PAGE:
By Justin LaBerge
Most military bases are located in rural areas, and the power systems at some bases are operated by electric cooperatives. A disproportionately large percentage of our nation’s troops — some estimates suggest as high as 40 percent — come from rural America. Even the organization responsible for representing electric cooperatives in Washington, D.C., the National Rural Electric Cooperative Association, was once led by a retired Army general.
Last year, America’s electric cooperatives began a new chapter in their long history of support for the military with the launch of Serve Our Co-ops, Serve Our Country, a nationwide initiative to honor and hire military veterans and their spouses.
The program was developed to help electric cooperatives address a generational turnover in their workforce. Over the next five years, NRECA estimates electric co-ops will need to hire approximately 15,000 new employees to replace retiring baby boomers.
Those new workers will fill roles in every department, from lineworkers climbing poles to member service representatives answering questions to engineering and industrial technology experts designing and managing a smarter electric grid.
In addition to the technical skills these jobs require, electric cooperative employees must be hard working, disciplined, loyal, safety conscious and team oriented — qualities that are common among military veterans.
This summer, Serve Our Co-ops, Serve Our Country celebrated a major milestone when former Air Force Capt. Jeremiah Sloan became the first veteran officially hired through the program.
The story of how Sloan landed his new job as an electrical engineer at Craighead Electric Cooperative in Jonesboro, Arkansas, reads like the plot of a Hollywood movie.
For several months, Craighead Electric CEO Brian Duncan worked to fill the position. Duncan advertised the opening in local papers and national job sites and attracted a number of highly qualified candidates.
Sloan’s application was among those strong candidates, but he wouldn’t be available to start for six months when his Air Force service ended.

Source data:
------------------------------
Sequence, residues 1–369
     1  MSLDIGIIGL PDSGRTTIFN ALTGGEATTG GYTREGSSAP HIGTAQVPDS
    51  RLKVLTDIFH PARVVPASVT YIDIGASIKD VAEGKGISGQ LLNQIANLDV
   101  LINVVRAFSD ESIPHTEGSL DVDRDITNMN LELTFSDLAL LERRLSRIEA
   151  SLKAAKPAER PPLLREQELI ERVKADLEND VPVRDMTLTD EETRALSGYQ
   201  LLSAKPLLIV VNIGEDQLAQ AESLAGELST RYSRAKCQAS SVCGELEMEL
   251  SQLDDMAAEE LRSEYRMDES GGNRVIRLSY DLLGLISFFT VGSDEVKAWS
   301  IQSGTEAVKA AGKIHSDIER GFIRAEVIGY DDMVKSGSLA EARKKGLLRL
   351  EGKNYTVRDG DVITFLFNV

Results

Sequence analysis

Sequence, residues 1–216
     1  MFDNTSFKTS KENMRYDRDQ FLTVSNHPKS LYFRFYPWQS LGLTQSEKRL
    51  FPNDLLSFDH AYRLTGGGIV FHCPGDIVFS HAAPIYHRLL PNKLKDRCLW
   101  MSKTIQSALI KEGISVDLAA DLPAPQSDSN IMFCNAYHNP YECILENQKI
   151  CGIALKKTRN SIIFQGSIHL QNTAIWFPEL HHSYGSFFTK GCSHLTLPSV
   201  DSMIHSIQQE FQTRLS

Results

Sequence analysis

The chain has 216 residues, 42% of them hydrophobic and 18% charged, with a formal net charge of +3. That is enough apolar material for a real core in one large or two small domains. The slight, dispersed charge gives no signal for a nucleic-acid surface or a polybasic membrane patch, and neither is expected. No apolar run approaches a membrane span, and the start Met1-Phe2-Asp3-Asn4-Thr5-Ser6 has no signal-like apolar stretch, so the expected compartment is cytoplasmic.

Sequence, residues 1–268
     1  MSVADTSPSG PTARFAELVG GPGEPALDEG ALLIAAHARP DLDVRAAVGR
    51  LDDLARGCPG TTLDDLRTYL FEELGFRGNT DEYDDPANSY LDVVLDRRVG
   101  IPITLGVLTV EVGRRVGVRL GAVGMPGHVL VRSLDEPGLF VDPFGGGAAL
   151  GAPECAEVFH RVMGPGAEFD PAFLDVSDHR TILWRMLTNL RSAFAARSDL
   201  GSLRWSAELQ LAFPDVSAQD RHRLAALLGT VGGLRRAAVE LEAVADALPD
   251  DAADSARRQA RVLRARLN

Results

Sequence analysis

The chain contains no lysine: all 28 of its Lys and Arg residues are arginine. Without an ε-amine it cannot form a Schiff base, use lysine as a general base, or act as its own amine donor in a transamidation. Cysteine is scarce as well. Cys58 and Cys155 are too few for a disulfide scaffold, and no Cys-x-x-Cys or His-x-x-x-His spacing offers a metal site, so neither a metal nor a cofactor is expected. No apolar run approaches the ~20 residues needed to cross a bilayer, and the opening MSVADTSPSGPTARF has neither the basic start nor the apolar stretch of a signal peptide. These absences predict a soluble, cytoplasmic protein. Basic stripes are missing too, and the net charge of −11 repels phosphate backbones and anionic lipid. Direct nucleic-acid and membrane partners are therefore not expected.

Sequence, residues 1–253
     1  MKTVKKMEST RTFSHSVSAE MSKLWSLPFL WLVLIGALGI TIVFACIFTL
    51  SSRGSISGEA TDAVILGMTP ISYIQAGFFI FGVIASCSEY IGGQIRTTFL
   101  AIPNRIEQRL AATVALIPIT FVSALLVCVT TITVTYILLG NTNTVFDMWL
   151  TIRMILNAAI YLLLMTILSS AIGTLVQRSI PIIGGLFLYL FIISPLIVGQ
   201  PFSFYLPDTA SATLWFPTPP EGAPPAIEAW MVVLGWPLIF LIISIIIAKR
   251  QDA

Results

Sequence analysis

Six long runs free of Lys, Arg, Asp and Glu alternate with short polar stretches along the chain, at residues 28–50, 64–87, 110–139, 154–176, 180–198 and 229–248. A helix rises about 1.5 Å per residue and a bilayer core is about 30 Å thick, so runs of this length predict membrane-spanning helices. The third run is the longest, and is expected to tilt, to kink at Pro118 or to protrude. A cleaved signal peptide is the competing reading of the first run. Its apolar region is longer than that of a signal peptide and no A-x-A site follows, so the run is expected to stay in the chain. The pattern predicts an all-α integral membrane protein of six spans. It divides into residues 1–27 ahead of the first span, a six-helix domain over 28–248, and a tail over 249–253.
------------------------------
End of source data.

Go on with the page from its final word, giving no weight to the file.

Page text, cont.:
Duncan, hoping to fill the position sooner than that, made offers to two other well-qualified applicants, but was unable to come to terms with either.
Shortly after the second candidate fell through, Duncan attended a national conference for electric cooperative CEOs.
One of the sessions featured two fellow co-op CEOs, one of whom was a 25-year Air Force veteran, discussing the newly launched veteran hiring initiative.
“The whole time they’re talking I’m thinking about Jeremiah; we probably need to look at this guy. For these guys coming out of the military, what better way to say ‘thank you’ than to give them a job,” Duncan said.
They scheduled an interview and it didn’t take long for Duncan to realize the co-op found its next engineer in Sloan.
“He was extremely professional. It was straight down the line. ‘Yes, sir.’ ‘No, sir.’ Very detailed in his answers to all of the questions. Very thoughtful in his answers. It was the perfect interview, you might say,” Duncan said.
Sloan brings more than a strong resumé and professional demeanor to his new position at Craighead Electric. He also brings a love for the community and a desire to return to his roots.
“I grew up in northeast Arkansas,” Sloan said. “My family is a long line of farmers, and they’re actually on Craighead Electric’s lines. The whole reason my wife and I decided to separate from the Air Force was to return home and be close to family.”
Though Sloan is the first veteran hired through the initiative, he won’t be the last; several other veterans have already been hired through the program. In addition to nationwide outreach through NRECA, approximately 50 electric cooperatives across the country already took the pledge to join the effort on the local level.
The support of veterans and reservists extends far beyond the scope of the formal Serve Our Co-ops, Serve Our Country program into the routine operation of many electric cooperatives.
Two managers at AECI, a wholesale supplier of electric equipment owned by the electric cooperatives of Arkansas, were recently honored by the U.S. Marine Corps for their support of a Marine reservist working at the cooperative’s warehouse in Stillwater, Oklahoma. In August, Russ Dilley and Eric Creekmore were presented the Patriot Award for giving AECI truck driver Michael Henderson the workplace flexibility he needs to serve in the Marine Corps Reserves.
Serve Our Co-ops, Serve Our Country is another way America’s electric cooperatives can show concern for community while building a next generation workforce that will deliver the exceptional service co-op members expect and deserve.
To learn more about the program and career opportunities for veterans at electric cooperatives, visit www.ServeVets.coop. Cathy Cash and Denny Gainer contributed to this report.
Justin LaBerge writes on consumer and cooperative affairs for the National Rural Electric Cooperative Association.